Does everything seem to echo around? Messages are usually heard when they reverberate off distant walls? Management decisions are revisited regularly – ‘Hasn’t a decision been made on that already?’ Worse still are the matters that keep coming up, decisions aren’t made and they keep going up and down the organisational hierarchy. Perhaps your echosystem is afflicted by re-managing.
I suppose you are thinking what is ‘re-managing’. I didn’t invent the term. I have borrowed it from Managing the White Space by Geary Rummler and Alan Brache. They use it to describe the behaviour of senior managers when they re-manage the work already carried out by the managers below them. In local government the senior managers are typically Directors or Group Managers. You may ask why they find the need to do this. After all, haven’t they got more ‘strategic’ work to do? Continue reading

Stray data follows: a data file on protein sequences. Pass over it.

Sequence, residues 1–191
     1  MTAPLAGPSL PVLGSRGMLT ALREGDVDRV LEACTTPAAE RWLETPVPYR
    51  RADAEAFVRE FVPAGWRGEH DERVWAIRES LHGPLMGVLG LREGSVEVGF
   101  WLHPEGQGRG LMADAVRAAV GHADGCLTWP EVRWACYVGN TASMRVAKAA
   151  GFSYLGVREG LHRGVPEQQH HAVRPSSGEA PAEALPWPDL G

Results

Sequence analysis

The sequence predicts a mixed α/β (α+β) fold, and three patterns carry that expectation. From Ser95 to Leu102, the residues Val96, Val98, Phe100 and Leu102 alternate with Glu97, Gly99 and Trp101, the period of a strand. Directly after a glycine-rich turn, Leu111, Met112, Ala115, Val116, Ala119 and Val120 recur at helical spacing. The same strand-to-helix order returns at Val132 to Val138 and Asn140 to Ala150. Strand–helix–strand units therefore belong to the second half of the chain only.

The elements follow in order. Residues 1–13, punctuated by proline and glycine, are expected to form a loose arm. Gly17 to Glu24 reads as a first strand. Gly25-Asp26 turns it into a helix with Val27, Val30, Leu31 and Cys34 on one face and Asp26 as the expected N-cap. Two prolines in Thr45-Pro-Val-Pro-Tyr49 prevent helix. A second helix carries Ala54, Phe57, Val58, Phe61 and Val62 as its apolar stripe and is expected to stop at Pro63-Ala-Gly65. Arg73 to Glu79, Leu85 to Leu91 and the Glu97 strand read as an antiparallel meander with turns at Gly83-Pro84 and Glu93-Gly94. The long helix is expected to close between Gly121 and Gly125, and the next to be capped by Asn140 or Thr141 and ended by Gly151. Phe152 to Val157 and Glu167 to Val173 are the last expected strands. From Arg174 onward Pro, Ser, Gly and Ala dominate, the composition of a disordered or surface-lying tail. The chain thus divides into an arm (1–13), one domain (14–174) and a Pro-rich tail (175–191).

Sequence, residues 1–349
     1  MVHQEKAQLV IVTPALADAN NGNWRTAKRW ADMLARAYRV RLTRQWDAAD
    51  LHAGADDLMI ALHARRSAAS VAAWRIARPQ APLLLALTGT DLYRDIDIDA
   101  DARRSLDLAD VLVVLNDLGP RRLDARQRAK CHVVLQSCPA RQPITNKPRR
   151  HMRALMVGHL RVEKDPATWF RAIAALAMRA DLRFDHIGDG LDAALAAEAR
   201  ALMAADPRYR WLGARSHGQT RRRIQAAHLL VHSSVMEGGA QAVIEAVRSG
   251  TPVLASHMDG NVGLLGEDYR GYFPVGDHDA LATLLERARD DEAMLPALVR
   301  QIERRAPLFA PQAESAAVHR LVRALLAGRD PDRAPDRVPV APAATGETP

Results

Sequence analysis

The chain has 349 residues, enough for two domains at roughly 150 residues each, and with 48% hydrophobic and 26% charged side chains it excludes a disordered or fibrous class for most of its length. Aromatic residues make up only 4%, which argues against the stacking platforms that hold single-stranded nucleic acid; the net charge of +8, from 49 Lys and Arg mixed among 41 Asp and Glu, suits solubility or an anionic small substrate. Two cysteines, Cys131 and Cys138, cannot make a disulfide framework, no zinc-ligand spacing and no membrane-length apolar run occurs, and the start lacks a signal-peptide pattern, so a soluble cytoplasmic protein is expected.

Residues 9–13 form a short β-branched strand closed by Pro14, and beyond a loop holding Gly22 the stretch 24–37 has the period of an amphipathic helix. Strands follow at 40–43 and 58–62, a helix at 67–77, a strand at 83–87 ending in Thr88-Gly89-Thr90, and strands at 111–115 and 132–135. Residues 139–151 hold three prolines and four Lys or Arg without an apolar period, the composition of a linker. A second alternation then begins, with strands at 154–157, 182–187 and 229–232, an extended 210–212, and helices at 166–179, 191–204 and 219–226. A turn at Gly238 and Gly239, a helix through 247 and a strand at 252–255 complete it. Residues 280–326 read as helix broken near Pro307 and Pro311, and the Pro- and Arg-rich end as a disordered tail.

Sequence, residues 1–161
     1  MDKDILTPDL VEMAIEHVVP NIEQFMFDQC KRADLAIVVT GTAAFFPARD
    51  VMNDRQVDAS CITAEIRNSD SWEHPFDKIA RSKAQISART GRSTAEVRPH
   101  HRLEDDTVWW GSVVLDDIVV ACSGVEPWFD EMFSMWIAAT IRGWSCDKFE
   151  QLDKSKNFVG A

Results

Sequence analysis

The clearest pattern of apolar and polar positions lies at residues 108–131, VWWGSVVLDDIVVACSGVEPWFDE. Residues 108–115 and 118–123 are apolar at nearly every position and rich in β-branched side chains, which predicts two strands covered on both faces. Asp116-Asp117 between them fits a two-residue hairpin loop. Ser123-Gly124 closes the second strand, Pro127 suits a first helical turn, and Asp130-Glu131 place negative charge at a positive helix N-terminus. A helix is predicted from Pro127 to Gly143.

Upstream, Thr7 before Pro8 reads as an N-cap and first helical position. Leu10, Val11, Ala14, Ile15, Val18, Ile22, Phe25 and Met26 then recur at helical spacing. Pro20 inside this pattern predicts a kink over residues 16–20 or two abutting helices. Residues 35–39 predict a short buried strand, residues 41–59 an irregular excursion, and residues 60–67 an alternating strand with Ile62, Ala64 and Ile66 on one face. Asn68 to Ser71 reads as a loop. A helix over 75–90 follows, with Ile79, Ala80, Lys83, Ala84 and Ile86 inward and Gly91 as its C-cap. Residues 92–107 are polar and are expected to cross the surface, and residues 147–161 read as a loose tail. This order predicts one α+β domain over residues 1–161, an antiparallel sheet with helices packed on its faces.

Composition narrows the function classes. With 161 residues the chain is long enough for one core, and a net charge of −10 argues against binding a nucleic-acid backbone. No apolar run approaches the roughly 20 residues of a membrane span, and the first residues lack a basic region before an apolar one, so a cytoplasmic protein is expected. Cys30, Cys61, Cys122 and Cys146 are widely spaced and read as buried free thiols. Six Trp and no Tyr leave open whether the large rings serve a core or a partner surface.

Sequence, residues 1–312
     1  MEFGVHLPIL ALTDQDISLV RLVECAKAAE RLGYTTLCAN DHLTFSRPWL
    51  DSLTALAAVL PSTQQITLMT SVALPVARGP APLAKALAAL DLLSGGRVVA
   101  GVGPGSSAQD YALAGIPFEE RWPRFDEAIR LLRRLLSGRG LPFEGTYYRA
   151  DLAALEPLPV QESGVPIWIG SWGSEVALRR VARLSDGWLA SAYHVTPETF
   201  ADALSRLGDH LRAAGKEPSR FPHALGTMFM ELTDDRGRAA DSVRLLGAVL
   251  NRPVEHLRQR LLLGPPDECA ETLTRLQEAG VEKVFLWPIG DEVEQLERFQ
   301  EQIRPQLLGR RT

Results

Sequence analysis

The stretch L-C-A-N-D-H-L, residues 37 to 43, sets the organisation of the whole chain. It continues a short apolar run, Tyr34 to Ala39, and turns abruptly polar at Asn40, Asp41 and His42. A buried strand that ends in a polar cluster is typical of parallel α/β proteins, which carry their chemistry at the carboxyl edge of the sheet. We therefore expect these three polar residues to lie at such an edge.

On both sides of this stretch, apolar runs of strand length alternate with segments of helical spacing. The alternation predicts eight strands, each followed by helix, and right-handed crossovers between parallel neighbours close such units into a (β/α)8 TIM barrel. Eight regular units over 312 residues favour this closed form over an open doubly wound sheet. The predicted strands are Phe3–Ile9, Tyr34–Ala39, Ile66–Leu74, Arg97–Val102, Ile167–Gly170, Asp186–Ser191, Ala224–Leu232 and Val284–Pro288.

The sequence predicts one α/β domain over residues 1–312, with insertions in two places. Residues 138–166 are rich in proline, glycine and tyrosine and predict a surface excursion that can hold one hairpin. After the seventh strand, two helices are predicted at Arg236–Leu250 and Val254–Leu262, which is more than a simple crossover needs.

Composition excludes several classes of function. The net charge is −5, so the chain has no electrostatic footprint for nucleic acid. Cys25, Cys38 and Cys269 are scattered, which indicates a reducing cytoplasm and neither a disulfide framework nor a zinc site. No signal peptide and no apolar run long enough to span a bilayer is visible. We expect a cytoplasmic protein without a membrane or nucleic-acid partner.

Posted by Lancing Farrell 430 words
There have been several posts on performance (here, here, here and here). The most recent by Colin Weatherby discussed his approach to developing a ‘dashboard’ for his department. This post is an attempt to consolidate all posts into an integrated performance management system based on the work of Geary A. Rummler and Alan P. Brache in Improving Performance – How to Manage the White Space on the Organisation Chart.
Before getting into the details of how to build a performance management system, it is worth thinking about what you are trying to achieve. From a management perspective, measurement specifically communicates performance expectations. It enables feedback to be provided against a standard and for any gap to be identified and addressed. Continue reading
Posted by Colin Weatherby 730 words